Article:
In an effort to augment the relay service program and provide functional equivalency for people with disabilities, MITRE developed an open-source, multi-channel direct video calling platform as part of the FCC initiative, Accessible Communications for Everyone, or ACE. The ACE initiative seeks to provide better communication services for people with disabilities by initiating collaborative efforts among software developers, engineers, technologists and organizations that serve the disabilities community.

The MITRE-developed direct video calling platform, ACE Direct, allows businesses and government agencies to support both hearing and deaf consumers directly with their existing call centers. A free, open-source, omni-channel platform, ACE Direct provides video calling, voice calling, real-time text, integrated data, and inbound and outbound call functionality. When used as a call center application, ACE Direct can be implemented so that hearing callers can continue to be routed to hearing agents, while deaf, hard-of-hearing, speech-disabled, and deaf-blind callers are automatically routed to agents fluent in American Sign Language (ASL). ACE Direct makes communication in ASL is possible without the need for a third party to interpret the call, ensuring greater accuracy, privacy and efficiency for the disabled person making the call as well as the recipient of the call.

While ACE Direct was developed for the specific needs of the FCC, the technology has broad applications—it can be used to improve communications for customer service, state and local 311 information exchange, telehealth and mobile health services, on demand translation or interpretation, as well as other diagnostic services.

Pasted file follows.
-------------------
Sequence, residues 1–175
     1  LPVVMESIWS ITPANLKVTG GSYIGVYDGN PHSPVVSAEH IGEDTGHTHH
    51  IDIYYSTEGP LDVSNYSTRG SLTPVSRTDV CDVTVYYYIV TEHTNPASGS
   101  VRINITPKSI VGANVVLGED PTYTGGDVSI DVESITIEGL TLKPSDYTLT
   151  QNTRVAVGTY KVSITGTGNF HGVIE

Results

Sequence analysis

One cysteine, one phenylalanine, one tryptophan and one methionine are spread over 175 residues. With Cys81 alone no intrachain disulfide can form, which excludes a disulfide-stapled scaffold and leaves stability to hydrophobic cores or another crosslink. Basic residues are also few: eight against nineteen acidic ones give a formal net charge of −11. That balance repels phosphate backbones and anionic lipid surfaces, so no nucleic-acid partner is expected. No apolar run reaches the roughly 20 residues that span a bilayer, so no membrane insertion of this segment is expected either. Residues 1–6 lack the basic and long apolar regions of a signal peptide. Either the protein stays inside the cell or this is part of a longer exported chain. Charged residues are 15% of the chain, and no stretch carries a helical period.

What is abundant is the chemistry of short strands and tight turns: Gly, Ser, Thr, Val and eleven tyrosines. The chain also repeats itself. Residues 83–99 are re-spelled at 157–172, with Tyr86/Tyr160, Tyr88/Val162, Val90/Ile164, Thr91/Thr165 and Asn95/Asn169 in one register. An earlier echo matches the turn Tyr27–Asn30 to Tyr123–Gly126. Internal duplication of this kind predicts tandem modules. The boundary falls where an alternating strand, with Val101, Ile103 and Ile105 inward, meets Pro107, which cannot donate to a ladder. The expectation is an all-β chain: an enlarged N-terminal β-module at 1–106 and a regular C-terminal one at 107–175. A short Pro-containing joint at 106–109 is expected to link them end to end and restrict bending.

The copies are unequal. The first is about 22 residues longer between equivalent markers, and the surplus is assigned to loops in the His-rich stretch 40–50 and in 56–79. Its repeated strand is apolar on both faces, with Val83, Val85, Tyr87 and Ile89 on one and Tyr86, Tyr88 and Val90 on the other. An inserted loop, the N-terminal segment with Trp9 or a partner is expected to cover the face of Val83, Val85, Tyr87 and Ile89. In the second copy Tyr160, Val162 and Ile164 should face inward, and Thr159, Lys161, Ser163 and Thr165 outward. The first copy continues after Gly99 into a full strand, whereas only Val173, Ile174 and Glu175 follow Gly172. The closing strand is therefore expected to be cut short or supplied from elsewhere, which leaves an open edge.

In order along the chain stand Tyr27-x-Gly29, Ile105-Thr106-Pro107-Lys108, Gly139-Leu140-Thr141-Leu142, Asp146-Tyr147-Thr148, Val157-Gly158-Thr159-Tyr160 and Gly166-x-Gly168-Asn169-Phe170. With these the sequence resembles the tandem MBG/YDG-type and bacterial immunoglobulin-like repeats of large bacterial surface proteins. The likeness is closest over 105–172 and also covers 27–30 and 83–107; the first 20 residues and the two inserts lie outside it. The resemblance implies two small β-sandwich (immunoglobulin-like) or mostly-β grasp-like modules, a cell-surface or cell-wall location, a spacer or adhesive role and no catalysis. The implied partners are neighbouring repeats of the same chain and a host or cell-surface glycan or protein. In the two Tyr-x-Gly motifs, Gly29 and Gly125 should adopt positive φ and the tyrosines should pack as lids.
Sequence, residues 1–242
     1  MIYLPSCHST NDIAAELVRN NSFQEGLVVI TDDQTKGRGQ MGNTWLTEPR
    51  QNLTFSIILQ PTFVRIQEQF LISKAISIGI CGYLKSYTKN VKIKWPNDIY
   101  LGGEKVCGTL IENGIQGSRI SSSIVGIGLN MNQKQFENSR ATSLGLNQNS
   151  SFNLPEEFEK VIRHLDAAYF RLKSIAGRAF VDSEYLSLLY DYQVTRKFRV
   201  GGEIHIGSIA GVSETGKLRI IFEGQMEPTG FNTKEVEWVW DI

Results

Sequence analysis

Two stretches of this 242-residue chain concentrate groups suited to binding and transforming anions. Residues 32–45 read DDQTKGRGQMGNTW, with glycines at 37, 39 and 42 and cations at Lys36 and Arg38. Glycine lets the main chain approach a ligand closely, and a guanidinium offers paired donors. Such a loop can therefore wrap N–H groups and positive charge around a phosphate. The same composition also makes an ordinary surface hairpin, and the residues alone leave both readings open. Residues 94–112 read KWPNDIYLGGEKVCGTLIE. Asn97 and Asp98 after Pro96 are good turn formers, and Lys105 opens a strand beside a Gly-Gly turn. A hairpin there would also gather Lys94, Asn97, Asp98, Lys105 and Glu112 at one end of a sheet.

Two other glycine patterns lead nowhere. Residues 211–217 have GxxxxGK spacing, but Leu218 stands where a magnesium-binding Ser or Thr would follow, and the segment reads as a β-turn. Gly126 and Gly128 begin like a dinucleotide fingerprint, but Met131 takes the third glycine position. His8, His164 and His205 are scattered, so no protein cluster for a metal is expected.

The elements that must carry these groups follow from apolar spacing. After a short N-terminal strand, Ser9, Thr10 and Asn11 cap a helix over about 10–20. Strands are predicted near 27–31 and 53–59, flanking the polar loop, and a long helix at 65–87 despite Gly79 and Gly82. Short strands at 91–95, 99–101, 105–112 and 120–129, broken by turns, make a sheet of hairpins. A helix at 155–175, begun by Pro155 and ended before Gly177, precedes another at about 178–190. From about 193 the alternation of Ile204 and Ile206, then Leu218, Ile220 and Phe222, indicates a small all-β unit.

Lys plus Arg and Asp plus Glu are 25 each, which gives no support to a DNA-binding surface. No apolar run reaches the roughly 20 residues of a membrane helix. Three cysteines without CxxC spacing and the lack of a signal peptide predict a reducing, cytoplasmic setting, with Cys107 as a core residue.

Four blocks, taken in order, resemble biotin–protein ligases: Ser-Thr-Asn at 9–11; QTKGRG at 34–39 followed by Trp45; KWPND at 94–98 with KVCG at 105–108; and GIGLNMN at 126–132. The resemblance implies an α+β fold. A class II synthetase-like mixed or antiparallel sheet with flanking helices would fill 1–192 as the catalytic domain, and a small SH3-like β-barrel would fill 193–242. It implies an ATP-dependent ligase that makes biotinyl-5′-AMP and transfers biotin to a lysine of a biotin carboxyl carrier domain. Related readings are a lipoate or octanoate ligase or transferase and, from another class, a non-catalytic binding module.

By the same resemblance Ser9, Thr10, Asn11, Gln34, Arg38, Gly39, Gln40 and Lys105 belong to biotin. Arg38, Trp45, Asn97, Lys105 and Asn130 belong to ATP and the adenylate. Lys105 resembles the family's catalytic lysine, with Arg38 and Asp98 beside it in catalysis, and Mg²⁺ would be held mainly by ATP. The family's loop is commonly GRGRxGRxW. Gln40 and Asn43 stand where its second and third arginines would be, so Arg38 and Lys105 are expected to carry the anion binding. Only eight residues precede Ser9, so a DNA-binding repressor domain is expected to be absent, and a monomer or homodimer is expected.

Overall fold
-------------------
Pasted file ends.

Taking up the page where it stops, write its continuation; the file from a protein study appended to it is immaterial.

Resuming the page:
Consistent and Predictable, Robots Aid Children with Autism

Research is finding that artificial intelligence can help children with autism spectrum disorder (ASD) improve their communication and social skills by almost 30 percent. ASD is a neurological and developmental disorder that affects communication and behavior. It’s considered a “spectrum” disorder because people with ASD can have the wide range of conditions—such as difficulty talking with someone, avoiding looking someone in the eye when speaking, and repetitive behaviors.

A 2017 study conducted by the University of Bristol, UK, found that young people with ASD have trouble recognizing and distinguishing different facial expressions. Inability to read facial expressions and social cues can greatly hinder effective communication.

Humanoid robots designed with fewer facial features and human traits appear non-threatening, and therefore more approachable, to children with autism. As children with ASD interact with these robots, they are better able to learn communication and social skills that can then be transferred to their interactions with people.